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Carlo GESUALDO (1566-1613)
Madrigals - Book 4
Luci serene e chiare [4:56]
Tal'hor sano desio [3:51]
Io tacero, ma nel silenzio mio [4:03]
Invan, dunque, o crudele [3:40]
Che fai meco, mio cor [2:40]
Questa crudele e pia [4:45]
Hor che in gioia [1:19]
O sempre crudo amore [3:35]
Cor mio, deh, non piangete [2:13]
Dunque non m'offendete [2:35]
Toccata del quarto tono [2:48]
Sparge la morte al mio Signor [7:27]
Moro, e mentre sospiro [2:08]
Quando di lui la sospirata vita [1:54]
Mentre gira costei [2:35]
A voi, mentre il mio core [3:03]
Ecco, morirò dunque [2:06]
Ahi, gia mi discoloro [3:05]
Arde il mio cor [3:53]
Se chiudete nel core [2:22]
Il sol qual or più splende [1:26]
Volgi mia luce [2:33]
Delitiæ Musicæ/Marco Longhini
rec. 20-24 July 2009, Chiesa di San Pietro in Vincoli Azzago, Verona, Italy. DDD
NAXOS 8.572137 [68:57]

Experience Classicsonline

Delitiae Musicae has reached the fourth book in their recordings of Gesualdo’s complete Madrigals, and in many ways it is their best effort. I began listening to this all-male ensemble in 2002 when they released their first recording of Monteverdi Madrigals on Naxos. At that time the use of an all-male ensemble for these works was something of a novelty, but each succeeding release in the almost complete cycle has fully vindicated their performance decisions. Better yet, the level of technical and musical accomplishment has developed throughout that cycle, and the Gesualdo recordings have benefited enormously from that experience.
The singing on this album is simply phenomenal. Intonation is virtually flawless, and they offer just the right mix of homogenous and individual sound. The shaping of phrases, the ebb-and flow, as well as the constantly changing dynamics is effortless - this is a group who seem to be of one mind, an essential aspect of the best madrigal singing. Additionally, the chosen keys often add to the expressive potential: most of these texts convey darker emotions, and there is thrilling emotional immediacy when the baritone and bass move into their lowest registers.
These qualities are readily apparent in the performance of “Io tacero, ma nel silenzio mio” (I shall be silent, but in my silence - Track 3). The anonymous text is heart wrenching, as the poet says he will not speak aloud of his sorrow, yet knows that his suffering is clearly visible in how he looks and moves. In fact, even after he dies, his sorrow will be plain for all to see. These are powerful sentiments, vividly conveyed by Delitiae Musicae. Without crossing the line into cloying affectation, they consistently vary their timbre, dynamics, and tempo as they bring to life each sentiment, all the while singing with impeccable diction. Many of the phrases are followed by rests, which here aren’t merely moments of silence, but are impregnated with grief - we can feel the poet’s break-down, as he takes time to regain his composure. This is expressive singing of the highest order.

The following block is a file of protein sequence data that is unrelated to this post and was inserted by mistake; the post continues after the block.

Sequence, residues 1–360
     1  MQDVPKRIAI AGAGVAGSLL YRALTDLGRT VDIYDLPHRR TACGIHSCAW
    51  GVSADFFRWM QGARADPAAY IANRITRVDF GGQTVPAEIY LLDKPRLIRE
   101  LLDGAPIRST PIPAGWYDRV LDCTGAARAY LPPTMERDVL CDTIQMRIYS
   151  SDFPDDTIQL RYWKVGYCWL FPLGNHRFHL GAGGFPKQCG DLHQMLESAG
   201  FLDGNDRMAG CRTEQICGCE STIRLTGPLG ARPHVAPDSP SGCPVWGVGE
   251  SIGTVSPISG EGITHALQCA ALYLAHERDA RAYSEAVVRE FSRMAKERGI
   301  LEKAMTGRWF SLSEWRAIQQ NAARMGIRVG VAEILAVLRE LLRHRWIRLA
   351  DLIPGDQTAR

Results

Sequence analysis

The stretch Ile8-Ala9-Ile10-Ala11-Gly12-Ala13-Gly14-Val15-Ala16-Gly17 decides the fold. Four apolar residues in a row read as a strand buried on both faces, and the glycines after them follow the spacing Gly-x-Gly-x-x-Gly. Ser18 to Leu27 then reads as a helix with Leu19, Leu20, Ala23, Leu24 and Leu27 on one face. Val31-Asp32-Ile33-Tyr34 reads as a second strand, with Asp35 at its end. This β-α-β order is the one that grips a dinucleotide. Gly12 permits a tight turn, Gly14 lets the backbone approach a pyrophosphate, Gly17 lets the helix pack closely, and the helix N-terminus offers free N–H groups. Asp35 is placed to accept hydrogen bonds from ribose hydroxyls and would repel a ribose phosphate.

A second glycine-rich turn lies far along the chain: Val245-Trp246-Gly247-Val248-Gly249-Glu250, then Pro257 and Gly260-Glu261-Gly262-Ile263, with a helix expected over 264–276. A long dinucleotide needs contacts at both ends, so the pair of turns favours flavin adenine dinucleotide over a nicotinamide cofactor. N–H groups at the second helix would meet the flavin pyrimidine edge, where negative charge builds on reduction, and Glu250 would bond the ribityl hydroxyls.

The text for Track 6, Questa crudele e pia (This cruel and pious woman) must have been particularly terrible for this composer. Gesualdo repeatedly sets the work “cruel” as if he is trying to come to terms with the idea that the woman he loves does not love him in the same way. She “feels pity, but does not love.” Like any lover who is experiencing pain, his emotions come out in a jumble: he “weeps,” yet his “ardent desire” returns, followed by disbelief, then angry, and a return to suffering. Once again, the singers fully inhabit each twist and turn on this torturous journey, often stressing the more dissonant aspects of the writing.
Perhaps the most unusual madrigal in the book is “Sparge la morte al mio Signor” (Death floods my Lord’s face - Track 12). Once again we have an anonymous text that describes the final moments of Christ’s death on the cross, performed here with great passion and beauty. Conductor Marco Longhini, in his exceptional liner notes, suggests the poetry’s description of atonement for an unjust death is something Gesualdo was struggling with after killing his wife and her lover. According to Longhini, despite the fact that Gesualdo had every right under Italian law to kill his adulterous wife, he was never able to find peace with his horrific act of violence. It is an interesting idea that might explain some of the more radically dissonant writing to be heard in Book 5.
While a majority of the texts are desperately sad, the final eight address happier situations and emotions, such as Mentre gira costei (As she turns - Track 15). Here the poet describes new found love, the man falling in love at first sight. The poetry describes her gaze as fierce and gentle, his love as “a timid little bird” in flight. All of this imagery is vividly portrayed in Gesualdo’s music, which again receives a wonderfully cogent and affecting performance.
The recording is excellent, the voices crystal clear, with the continuo instruments used selectively, which adds another layer of variety to these performances. The notes also include full texts, an absolute must when listening to any madrigal. These are the best performances yet in an already strong series of recordings - and there is no better way to get to know this wonderful music - I anxiously await their recording of Book 5!
David A. McConnell

see also review by Mark Sealey
(June 2012 Recording of the Month)

Reviews of other releases in this series
Book 1
Book 2
Book 3

















































































































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